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Joss Whedonís Fray #7 By Matt Martin
Dark Horse Comics Ė Joss Whedon (w); Karl Moline (p); Andy Owens (i)
Some comics are worth waiting for, no matter how long that wait may be. The Ultimates, obviously, is the first example that springs to mind. Youíre well aware that Millar, Hitch and Marvel are making absolutely no promises about how regular that book is going to ship; rather, youíre simply assured that when it does see the light of day, itíll kick ass and thatís all you should need to know. As another example, any time Alan Moore writes anything, like League of Extraordinary Gentlemen for instance, itís going to be worth your patience. Even on his very worst day, Moore is heads and shoulders above the vast majority of writers out there, so no problem there. You know that in advance and you know the schedule on his books usually slips.
Now, Dark Knight Strikes Again, on the other hand. That was a book that was not worth the wait. It was a title that inexplicably slipped off the shipping radar, whose tardiness was never explained. And then when it did finally ship, it just left you wondering, ďThis? This is what I waited all those months for?Ē You canít figure out what took so long, because surely it canít take too much time to crank out a lousy book (Frank Tieri is a hemorrhoid on the industryís ass and even he can meet a monthly schedule).
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This is all by way of introduction to this issue of Fray, in case you were wondering about the tangent. Itís relevant because, by my figuring, this book is well over a year late.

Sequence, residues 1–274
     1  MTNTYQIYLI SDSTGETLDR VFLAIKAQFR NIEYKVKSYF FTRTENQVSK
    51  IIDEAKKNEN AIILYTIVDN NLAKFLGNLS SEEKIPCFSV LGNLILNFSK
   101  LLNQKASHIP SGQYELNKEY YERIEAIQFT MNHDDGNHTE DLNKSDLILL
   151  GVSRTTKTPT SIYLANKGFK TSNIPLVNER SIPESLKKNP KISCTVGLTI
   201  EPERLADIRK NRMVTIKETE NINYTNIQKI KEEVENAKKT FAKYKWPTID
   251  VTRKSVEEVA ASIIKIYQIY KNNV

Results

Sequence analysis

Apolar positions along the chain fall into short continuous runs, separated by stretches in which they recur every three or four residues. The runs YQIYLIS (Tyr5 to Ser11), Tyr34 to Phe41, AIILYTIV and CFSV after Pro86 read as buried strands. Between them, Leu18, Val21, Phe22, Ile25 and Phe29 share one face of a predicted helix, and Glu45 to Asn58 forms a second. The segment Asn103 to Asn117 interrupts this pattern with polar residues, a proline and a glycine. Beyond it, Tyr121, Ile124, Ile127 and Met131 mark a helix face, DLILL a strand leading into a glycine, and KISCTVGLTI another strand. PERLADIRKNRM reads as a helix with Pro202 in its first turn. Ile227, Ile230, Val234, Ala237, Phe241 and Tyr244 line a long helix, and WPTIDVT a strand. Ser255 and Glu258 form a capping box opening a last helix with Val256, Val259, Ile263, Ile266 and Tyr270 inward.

So which camp does Fray fall into? Letís put it this way: it might as well be called Joss Whedonís Buffy the Vampire Slayer Strikes Again.
Itís amusing though, to find all the things that are wrong, production-wise, with this book. I mean really, after more than a yearís worth of delays, Dark Horse couldnít even be bothered to include a summary page on the inside cover? Would that have been too much to ask? Because, to be honest about it, I can barely remember whatís going on in this book. And hence, I just donít care.
However, if youíre a current (or former, really) follower of the television series that this serves as an unofficial sequel to, Buffy the Vampire Slayer, youíll be more than familiar with the seriesí plot. Basically, thereís a bad guy and heís going to open a portal to Hell. When that portalís opened, demons will come screaming out the gate and consume the souls of those living in the physical world. Naturally, only one person has the strength to stop that from happening. In this case, the good guy (or girl, as the case may be) is Melaka Fray, the post-apocalyptic version of Buffy, and the bad guy is her brother (now a vampire), Harth. And while it always looks like the odds are in favor of the forces of evil, thereís a reasonable assurance that, in the end, good will triumph (though undoubtedly some sacrifices will have to be made, for melodramaís sake).
Essentially though, you can substitute Buffy for Fray and any number of the tv showís villains for Harth and the plot remains the same. Itís just so terribly archetypical and even more amusing when you figure that the primary complaint of the rabid legion of Buffy fans is that the show has long since run out of good ideas and begun rehashing itself to death.
So what happens this issue? Not much. Thereís some pseudo-dramatic speechifying, some pop culture references, an army of vampires (opposed by a small force of veritable pitchfork waving villagers), and a big snake-like monster that Harth rides about the city.
To boot, apparently after all this time, the only issue that Whedon actually had in the can was this one. You would hope that he could have managed to write both of the missing issues during the interim, but evidently thatís not so, as the final page claims that the concluding issue will ship in June (yeah, right). Worst of all, thereís no apology or explanation of any sort of the excessive delays. Rather, the letter column simply chugs along like there was no gap whatsoever between issues.
In the end, once you get over the disappointment that this was the best Whedon could produce with over a year to resolve the story, Fray stands as a very pretty, moderately entertaining (in a lowbrow sort of way) action book. Thatís about the most positive thing I can say about the book.